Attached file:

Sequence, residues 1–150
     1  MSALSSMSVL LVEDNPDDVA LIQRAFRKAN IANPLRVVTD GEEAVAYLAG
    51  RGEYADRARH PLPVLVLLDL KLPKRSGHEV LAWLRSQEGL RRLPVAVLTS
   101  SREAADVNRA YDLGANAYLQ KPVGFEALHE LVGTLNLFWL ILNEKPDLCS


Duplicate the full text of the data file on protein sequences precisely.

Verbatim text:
Sequence, residues 1–150
     1  MSALSSMSVL LVEDNPDDVA LIQRAFRKAN IANPLRVVTD GEEAVAYLAG
    51  RGEYADRARH PLPVLVLLDL KLPKRSGHEV LAWLRSQEGL RRLPVAVLTS
   101  SREAADVNRA YDLGANAYLQ KPVGFEALHE LVGTLNLFWL ILNEKPDLCS